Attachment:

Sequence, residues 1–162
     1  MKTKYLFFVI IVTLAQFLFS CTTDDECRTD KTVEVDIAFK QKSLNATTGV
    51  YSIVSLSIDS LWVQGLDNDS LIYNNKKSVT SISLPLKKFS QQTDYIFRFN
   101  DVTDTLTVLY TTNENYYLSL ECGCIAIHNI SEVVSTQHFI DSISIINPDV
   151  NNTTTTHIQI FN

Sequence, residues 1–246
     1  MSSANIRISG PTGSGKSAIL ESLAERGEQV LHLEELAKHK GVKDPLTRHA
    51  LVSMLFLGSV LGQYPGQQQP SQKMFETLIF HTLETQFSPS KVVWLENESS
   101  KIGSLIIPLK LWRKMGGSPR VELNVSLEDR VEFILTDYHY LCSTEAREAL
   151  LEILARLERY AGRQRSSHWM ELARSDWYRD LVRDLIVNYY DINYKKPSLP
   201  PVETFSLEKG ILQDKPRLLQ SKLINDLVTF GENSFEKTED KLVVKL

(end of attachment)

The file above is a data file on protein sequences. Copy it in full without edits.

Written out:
Sequence, residues 1–162
     1  MKTKYLFFVI IVTLAQFLFS CTTDDECRTD KTVEVDIAFK QKSLNATTGV
    51  YSIVSLSIDS LWVQGLDNDS LIYNNKKSVT SISLPLKKFS QQTDYIFRFN
   101  DVTDTLTVLY TTNENYYLSL ECGCIAIHNI SEVVSTQHFI DSISIINPDV
   151  NNTTTTHIQI FN

Sequence, residues 1–246
     1  MSSANIRISG PTGSGKSAIL ESLAERGEQV LHLEELAKHK GVKDPLTRHA
    51  LVSMLFLGSV LGQYPGQQQP SQKMFETLIF HTLETQFSPS KVVWLENESS
   101  KIGSLIIPLK LWRKMGGSPR VELNVSLEDR VEFILTDYHY LCSTEAREAL
   151  LEILARLERY AGRQRSSHWM ELARSDWYRD LVRDLIVNYY DINYKKPSLP
   201  PVETFSLEKG ILQDKPRLLQ SKLINDLVTF GENSFEKTED KLVVKL